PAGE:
Fishers have adapted to predominantly deciduous forests and that surely increases their range potential in Pennsylvania. “The fisher’s comeback has been something special to follow,” noted Tom Hardisky, Game Commission furbearer biologist. “Our fishers seem to be less dependent on coniferous forests than more northern populations found in New England and Canada. They have adapted to predominantly deciduous forests and that surely increases their range potential in Pennsylvania. 

“Our field work has shown that fishers are partial to forests with a closed tree canopy and cavity trees. That means you’re probably not going to see a fisher in a young forest or woodlot. But if you get into the state’s mountainous ‘big woods country,’ there’s always a possibility that you’ll see a fisher scampering across the road or up the side of a tree.”

Although habitat plays a critical role in determining where fishers will occur, the availability and diversity of prey species also is significant.

The fisher has firmly re-established itself in Pennsylvania as a result of reintroductions. Its future looks bright in Pennsylvania.“Fishers are opportunistic feeders,” Hardisky said. “They’ll hunt everything from squirrels and raccoons to porcupines and rabbits. They also have demonstrated an ability to make feeding adjustments that include raiding hawk and owl nests, eating road-killed deer and preying on livestock. In fact, the last known native fisher killed in the state was shot for stealing chickens in the Bird-in-Hand area of Lancaster County in 1896!”

Fishers have reclaimed more than a quarter of Pennsylvania and there’s no reason to doubt that the species won’t continue its incredible recovery. Each passing year, the agency receives more fisher sighting reports from hikers and hunters, as well as homeowners and motorists. Some sightings, such as Game Commission surveyor Dave Hummel’s, document the first fisher sighting in Blair County in more than 100 years. Hummel saw his first fisher as he and a survey crew were on State Game Lands 198.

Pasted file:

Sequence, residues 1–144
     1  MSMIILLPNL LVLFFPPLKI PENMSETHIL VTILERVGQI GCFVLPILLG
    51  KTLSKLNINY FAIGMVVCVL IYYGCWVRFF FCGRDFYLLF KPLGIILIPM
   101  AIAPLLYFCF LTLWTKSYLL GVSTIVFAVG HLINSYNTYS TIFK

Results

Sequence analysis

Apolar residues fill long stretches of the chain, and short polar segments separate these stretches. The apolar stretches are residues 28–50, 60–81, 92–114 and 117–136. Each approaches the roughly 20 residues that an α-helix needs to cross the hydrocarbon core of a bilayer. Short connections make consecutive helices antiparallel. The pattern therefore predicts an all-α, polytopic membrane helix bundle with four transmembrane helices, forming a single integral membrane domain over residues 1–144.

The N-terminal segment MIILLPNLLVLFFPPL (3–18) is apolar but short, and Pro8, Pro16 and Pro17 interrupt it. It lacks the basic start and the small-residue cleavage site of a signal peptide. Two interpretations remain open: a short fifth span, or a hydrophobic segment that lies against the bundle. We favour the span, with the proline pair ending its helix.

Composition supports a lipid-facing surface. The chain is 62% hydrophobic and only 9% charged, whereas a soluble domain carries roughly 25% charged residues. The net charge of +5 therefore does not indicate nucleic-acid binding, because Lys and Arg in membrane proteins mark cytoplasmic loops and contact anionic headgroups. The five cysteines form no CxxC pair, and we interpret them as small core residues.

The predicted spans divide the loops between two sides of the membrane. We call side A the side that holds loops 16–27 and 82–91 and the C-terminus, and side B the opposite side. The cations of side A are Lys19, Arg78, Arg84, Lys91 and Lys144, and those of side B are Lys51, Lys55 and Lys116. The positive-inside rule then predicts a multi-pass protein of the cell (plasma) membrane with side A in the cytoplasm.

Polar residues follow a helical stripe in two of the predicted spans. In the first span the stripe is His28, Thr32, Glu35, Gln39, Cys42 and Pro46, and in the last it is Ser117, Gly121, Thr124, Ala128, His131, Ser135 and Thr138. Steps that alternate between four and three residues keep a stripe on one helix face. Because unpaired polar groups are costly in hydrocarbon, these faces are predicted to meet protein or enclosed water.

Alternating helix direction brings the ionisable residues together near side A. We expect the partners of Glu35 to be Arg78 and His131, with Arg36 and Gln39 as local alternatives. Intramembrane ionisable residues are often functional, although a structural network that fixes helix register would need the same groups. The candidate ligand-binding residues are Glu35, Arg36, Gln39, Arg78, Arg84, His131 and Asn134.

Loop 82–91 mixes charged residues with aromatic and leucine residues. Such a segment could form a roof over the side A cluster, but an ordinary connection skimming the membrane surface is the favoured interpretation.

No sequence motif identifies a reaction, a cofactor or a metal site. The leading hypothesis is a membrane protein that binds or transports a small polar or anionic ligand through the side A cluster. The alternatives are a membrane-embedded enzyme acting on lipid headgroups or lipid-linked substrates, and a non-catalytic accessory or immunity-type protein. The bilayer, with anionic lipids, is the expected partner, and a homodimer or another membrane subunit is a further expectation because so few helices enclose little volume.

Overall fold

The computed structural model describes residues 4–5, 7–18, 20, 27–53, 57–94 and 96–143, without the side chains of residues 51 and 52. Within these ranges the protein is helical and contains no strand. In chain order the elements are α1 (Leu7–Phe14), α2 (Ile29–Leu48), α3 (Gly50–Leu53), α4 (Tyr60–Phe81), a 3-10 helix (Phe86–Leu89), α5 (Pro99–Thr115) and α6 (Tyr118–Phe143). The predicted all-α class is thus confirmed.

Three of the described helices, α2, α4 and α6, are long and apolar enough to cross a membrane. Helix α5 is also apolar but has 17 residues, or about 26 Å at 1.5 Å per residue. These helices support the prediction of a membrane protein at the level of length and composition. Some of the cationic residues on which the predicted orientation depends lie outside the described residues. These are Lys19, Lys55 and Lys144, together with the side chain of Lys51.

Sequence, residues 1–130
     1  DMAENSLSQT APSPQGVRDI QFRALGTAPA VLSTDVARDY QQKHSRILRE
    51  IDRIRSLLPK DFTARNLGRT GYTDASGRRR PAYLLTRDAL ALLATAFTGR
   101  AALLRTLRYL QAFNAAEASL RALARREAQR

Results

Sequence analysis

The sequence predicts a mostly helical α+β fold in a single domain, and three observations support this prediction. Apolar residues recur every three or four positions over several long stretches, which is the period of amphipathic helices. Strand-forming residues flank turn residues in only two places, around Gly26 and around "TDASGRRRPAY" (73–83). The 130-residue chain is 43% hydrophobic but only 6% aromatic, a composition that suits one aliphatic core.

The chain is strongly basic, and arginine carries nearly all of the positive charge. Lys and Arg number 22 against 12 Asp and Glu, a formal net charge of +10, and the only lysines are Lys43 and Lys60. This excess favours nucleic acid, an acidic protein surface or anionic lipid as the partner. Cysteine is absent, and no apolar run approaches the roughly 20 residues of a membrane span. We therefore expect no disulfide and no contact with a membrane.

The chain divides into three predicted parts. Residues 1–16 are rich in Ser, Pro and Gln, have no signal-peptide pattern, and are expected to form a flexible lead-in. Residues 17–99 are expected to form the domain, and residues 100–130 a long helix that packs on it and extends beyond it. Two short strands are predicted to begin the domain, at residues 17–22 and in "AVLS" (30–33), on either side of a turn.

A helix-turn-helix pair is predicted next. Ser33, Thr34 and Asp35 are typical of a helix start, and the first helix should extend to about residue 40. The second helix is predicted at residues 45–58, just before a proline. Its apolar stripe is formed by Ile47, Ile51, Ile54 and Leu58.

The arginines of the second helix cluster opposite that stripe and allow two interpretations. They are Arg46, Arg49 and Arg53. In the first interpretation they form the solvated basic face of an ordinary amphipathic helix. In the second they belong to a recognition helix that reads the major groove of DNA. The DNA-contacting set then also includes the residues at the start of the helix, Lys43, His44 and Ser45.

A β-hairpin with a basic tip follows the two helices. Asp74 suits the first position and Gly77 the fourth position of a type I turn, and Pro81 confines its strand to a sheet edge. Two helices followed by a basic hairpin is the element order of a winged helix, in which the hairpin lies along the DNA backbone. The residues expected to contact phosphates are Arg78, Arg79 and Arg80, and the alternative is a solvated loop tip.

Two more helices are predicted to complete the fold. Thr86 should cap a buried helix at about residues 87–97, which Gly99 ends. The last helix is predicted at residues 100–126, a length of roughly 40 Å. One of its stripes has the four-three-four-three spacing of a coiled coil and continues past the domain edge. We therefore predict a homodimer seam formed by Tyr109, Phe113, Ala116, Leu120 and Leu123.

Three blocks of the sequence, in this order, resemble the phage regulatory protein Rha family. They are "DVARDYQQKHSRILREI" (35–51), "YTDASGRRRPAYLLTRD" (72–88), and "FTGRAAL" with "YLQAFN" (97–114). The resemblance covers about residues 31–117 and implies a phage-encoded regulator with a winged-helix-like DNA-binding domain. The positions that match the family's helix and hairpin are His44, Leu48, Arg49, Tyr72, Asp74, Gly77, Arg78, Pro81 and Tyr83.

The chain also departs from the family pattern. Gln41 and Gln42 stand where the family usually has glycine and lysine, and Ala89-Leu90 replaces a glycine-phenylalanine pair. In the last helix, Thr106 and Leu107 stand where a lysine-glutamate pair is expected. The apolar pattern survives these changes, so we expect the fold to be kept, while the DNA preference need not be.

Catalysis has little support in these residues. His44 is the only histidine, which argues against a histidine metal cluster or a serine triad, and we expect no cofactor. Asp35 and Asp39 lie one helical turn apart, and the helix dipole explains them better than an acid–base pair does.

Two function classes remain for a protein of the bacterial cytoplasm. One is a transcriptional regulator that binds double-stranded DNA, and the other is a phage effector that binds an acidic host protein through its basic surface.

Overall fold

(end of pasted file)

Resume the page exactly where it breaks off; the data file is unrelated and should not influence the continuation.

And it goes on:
“It was about noon when the fisher came down off an embankment and sat down in the middle of a dirt road about 30 yards away and looked right at us,” Hummel said. “We sat there stunned by this rare sight! Let’s face it, Blair County isn’t exactly the first place most people would go to see a fisher. It was like finding a moose in Schuylkill County.”

Other sightings, such as Game Commission Southwest Region Director Matt Hough’s, are somewhat unprecedented. Hough’s fisher encounter occurred two years ago while he was hiking at daybreak on a pipeline in the Alleghenies on State Game Lands 42 in Somerset County. Suddenly, he said, the still morning air was pierced by the distress bleat of a fawn. As the animal fled what Hough initially thought was a coyote or black bear, he pinpointed it in the mountain laurel thicket about 30 yards off the road.

Hough decided to investigate. He picked up a rock and cautiously moved toward the muffled bleats in the thicket. He soon noticed the flailing legs of the fawn, but failed to see the large predator he had convinced himself would be there. As he got a better view of the fawn, his eyes quickly found the aggressor. It was a fisher, and it still had the fawn by the neck.

“I told myself, ‘Oh my God, it’s a fisher,’” Hough said. “A big fisher! There was no doubt. I was right on top of it. The fisher bolted just as soon as it recognized that I was moving in on its kill. As quickly as it began, it was over. Biologists have since informed me that this incident is highly unusual for fishers, and I can assure you, it surely was unusual for me.”

Not every fisher encounter is as dramatic as Hough’s. Karen Martin, a purchasing agent at the Game Commission Northeast Region office in Dallas, saw her first fisher while deer hunting about four years ago in Luzerne County.

“I saw it a couple of hours after daybreak, moving silently along a stone wall as I watched it, in awe, for about five minutes,” Martin explained.  “It was completely unaware that I was above it in my tree-stand. What a beautiful animal.”

If you encounter a fisher in the wild, or come upon a fisher killed on the highway, the Game Commission is interested in your story. Please take a moment to write down the particulars – county, township, near what landmark or road, time found – and report it to the agency, especially those reports from southeastern and western counties. Comments can be sent via e-mail to or sent via U.S. Mail to: PA Game Commission, Bureau of Wildlife Management, ATTN: Fisher Sighting, 2001 Elmerton Ave., Harrisburg, PA 17110-9797. To learn more about fishers, visit the agency’s website (, click on “Wildlife,” then choose “Assorted Wildlife Notes,” and select “Fisher.”